Alcoholism and Wernicke-Korsakoff Syndrome
anonymous Asks ...
My ex-husband and father of my child is a chronic alcoholic and was already showing signs of brain damage from the disease in 1997. He is a chronic alcoholic and basically drinks every waking moment. He had a bad fall recently and had to undergo emergency brain surgery. He is in a coma (not drug induced) and on a ventilator. I need some more info on the chances of him recovering from this. I am certain that by now he has severe wet brain syndrome and he has also had a couple of operations on his pancreas. I need to be able to tell my son what the probable outcome of this latest catastrophe is going to be. Please could you help. I am a member of Al-Anon and have a great understanding of this terrible disease.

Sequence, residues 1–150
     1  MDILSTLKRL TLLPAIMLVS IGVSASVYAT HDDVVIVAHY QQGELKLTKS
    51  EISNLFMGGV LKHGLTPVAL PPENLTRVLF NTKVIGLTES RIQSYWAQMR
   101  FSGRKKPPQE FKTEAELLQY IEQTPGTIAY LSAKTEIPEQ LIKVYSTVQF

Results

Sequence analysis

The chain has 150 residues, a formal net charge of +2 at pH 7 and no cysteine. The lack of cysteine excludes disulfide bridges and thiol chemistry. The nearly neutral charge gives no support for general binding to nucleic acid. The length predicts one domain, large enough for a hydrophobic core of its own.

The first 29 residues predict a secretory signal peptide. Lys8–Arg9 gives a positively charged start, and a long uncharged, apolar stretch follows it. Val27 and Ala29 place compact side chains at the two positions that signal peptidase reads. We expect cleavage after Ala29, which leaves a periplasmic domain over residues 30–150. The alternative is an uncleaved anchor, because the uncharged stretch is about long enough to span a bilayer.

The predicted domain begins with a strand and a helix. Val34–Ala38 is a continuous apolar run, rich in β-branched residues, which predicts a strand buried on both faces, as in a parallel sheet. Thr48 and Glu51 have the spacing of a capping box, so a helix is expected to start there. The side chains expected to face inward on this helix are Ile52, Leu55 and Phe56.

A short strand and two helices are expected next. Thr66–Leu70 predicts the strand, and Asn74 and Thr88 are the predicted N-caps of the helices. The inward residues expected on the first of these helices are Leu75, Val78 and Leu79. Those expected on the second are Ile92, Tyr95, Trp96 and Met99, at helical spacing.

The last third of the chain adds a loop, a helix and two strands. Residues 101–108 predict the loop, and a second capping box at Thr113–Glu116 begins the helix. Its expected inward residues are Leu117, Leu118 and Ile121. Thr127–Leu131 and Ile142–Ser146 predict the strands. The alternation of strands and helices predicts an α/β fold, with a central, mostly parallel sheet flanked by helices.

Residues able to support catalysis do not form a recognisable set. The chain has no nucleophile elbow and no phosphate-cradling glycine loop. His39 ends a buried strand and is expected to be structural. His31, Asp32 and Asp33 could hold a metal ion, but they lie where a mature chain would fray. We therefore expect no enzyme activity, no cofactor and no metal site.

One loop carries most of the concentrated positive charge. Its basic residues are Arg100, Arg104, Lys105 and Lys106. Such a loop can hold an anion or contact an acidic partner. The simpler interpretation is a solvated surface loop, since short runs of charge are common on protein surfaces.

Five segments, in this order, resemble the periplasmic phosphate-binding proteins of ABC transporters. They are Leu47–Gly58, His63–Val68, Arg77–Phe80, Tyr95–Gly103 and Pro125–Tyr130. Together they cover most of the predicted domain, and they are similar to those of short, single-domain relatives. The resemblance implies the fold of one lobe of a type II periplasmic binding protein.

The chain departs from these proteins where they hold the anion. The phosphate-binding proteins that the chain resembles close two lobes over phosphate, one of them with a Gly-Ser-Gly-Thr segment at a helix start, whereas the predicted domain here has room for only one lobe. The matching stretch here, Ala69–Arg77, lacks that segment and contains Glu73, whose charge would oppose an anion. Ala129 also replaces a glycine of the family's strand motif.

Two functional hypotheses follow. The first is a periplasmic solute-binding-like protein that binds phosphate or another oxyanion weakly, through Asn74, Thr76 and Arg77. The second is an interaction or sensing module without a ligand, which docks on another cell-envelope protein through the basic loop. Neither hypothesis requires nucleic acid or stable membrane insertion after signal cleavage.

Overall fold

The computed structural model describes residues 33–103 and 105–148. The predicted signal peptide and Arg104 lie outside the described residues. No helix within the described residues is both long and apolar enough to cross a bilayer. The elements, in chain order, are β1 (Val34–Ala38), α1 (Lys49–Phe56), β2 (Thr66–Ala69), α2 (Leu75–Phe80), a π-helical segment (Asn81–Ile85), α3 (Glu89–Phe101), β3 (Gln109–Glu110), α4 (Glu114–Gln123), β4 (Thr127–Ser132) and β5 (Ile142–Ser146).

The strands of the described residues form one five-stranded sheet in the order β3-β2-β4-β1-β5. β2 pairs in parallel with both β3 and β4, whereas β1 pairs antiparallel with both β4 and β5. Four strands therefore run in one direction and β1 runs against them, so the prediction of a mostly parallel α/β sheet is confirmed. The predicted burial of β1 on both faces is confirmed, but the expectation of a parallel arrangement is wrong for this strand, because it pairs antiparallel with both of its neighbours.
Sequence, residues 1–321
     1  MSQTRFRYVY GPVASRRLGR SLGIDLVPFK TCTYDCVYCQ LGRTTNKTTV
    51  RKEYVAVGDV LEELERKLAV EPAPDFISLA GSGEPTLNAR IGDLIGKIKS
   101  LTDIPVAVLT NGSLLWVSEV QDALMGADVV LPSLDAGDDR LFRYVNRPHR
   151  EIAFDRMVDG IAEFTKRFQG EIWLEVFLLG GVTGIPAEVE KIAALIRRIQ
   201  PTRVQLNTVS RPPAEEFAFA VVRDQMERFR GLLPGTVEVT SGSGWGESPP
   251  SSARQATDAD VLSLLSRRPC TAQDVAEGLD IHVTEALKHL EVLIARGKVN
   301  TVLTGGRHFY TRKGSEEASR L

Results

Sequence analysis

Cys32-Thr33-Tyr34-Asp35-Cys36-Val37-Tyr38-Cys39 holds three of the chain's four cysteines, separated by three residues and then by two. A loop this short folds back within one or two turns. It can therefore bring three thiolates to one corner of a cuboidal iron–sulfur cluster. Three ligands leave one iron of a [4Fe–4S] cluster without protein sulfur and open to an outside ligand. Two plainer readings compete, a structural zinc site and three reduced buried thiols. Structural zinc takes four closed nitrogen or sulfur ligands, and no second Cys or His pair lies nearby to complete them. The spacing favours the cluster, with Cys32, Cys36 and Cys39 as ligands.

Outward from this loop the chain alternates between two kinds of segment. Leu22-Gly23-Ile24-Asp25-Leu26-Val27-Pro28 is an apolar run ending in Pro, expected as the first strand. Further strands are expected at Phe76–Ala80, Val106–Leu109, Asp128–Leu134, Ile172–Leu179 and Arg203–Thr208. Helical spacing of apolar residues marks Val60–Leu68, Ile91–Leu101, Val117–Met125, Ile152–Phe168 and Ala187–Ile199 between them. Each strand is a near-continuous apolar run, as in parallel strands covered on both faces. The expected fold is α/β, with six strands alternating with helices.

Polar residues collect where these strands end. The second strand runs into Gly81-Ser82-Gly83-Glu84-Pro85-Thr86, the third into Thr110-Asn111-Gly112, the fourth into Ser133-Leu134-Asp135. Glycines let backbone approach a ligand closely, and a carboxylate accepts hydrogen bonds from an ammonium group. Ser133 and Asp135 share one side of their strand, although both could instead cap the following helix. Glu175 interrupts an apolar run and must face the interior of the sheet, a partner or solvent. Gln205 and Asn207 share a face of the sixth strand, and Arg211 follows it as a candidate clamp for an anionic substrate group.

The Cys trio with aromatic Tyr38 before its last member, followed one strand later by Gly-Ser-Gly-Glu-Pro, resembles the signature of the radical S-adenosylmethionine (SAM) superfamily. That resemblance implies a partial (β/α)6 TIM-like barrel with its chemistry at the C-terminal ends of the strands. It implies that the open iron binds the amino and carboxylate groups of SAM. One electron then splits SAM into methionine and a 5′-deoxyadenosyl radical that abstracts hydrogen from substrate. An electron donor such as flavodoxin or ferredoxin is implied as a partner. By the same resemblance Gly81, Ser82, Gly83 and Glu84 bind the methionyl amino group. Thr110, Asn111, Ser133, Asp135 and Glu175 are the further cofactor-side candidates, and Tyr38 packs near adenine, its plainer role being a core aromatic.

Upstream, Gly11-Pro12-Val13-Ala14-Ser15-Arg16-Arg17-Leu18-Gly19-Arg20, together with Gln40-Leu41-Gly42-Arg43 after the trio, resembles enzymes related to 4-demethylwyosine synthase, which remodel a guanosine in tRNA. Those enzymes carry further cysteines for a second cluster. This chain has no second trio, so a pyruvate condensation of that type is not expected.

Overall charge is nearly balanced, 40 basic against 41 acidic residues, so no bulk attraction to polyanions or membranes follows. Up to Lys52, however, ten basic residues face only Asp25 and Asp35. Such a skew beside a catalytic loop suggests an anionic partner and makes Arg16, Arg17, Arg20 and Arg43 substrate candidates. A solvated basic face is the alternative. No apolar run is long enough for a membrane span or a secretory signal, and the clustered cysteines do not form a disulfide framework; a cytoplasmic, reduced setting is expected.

Dr. James Strawbridge Says ...
Heavy alcohol consumption for extended periods of time has extensive and far-reaching effects on every organ of the body. The effects on the brain can range from 'slips' in memory to permanent and debilitating conditions.
Research has shown a high deficiency of thiamine in the diet and heavy alcohol consumption for an extended period of time to be a bad combination. In worse cases people will go on to develop serious brain disorders such as Wernicke-Korsakoff Syndrome.
According the the National Institute on alcohol and alcoholism, “WKS is a disease that consists of two separate syndromes, a short-lived and severe condition called Wernicke's encephalopathy and a long-lasting condition as Korsakoff's psychosis.
Patients with Korsakoff's psychosis are forgetful and quickly frustrated and have difficulty with walking and coordination. Although these patients have problems remembering old information, it is their difficulty in “laying down” new information that is most stricking. For example, these patients can discuss in detail an event in their lives, but an hour later might not remember ever having the conversation. Cases of this type may require a lifetime custodial care, enduring love and patience.